The article also notes that gay men--and fathers in general--are given less paternity leave in the United States on average than many other countries. One of the dads interviewed for the piece, who adopted his sone through foster care, said he could only afford to take two weeks of paternity leave, which was " too short," he said. His son "struggled to see me as the paternal figure — I was just the guy who went to work and came home from work later. That's a struggle for most dads whether gay or straight — but I wish I had gotten more time just to bond with him."

Gay dads also must do more "emotional heavy lifting," the author notes, noting that many attend therapy for many months before taking the plunge. "We don't come to parenting by accident," another dad interviewed in the piece said. "We come to it by way of a lot of money, and with great intentionality. That is the commonality among gay dads with children."

A final common experience to many of the gay dads interviewed in the piece were annoyances dealing with strangers. "The thing that has been the most difficult are strangers who don't understand," one of the dads said. "They see us out with our son and we don't fit into their little box of what a family looks like. I've been asked whether Jeffrey and I mixed our sperm together in a cup. And that's rude, but as our son gets older, he is being shaped by a certain narrative about who he is."

Read the whole article here.

Sponsored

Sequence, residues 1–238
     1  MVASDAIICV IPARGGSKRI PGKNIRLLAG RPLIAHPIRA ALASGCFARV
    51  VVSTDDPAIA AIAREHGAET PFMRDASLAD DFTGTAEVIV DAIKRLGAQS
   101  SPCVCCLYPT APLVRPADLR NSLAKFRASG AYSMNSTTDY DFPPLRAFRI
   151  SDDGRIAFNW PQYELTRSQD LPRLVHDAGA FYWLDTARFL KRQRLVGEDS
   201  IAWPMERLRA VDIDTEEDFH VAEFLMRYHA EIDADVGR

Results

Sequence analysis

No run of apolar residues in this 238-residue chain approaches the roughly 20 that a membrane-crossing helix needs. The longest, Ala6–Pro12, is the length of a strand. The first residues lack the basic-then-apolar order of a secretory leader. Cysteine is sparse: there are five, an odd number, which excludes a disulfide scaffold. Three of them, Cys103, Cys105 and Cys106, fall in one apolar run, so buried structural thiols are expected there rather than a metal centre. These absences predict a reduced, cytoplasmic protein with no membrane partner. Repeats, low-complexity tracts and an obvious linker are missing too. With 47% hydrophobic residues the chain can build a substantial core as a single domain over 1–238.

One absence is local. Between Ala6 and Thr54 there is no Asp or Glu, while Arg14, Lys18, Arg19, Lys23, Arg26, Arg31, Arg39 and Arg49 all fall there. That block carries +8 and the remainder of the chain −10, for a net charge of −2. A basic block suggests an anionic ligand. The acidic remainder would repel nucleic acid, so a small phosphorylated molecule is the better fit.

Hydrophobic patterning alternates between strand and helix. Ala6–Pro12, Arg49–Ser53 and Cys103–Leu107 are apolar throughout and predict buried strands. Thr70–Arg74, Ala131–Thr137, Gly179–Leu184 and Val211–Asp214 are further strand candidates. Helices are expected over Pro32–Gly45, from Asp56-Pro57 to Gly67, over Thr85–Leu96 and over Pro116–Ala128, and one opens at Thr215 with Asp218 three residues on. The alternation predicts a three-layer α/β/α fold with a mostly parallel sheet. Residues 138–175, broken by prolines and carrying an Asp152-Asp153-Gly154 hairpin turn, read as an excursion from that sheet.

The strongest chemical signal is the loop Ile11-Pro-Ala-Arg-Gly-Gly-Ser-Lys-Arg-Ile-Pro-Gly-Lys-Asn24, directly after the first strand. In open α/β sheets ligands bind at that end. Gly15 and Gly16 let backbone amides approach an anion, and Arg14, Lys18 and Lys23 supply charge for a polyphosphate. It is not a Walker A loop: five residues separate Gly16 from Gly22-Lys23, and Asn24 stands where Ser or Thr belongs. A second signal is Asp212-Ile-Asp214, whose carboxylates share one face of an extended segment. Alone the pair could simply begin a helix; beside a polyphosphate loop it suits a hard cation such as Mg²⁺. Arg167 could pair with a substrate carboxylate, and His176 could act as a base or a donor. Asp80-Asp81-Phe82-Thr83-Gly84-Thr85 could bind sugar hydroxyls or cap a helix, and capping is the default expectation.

"A New Adventure": Congrats to Gay Dads Whose Families Grew in January!

Wishing all of these gay dads whose families expanded a lifetime of happiness! Congrats to everyone in our community on their recent births and adoptions!

Gay men go through a lot of ups and downs on the path to parenthood. It can be one of the most emotionally draining times in our lives. But as each of these families who are celebrating births and adoptions this month agree: it's worth every hardship.

Congrats dads!

We are also excited to announce that this post is brought to you by Choice Network in Ohio. Choice Network is a national leader in LGBTQ adoption. They have a goal of 50% of their families being created with LGBTQ people. "It is our core value that love makes a family." We're thrilled to be partnering with Choice Network to offer our congrats to dads whose families grew this month!

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Gay Dad Family Stories

Adoption for These Dads Was Like a "Rollercoaster" But Well Worth the Ride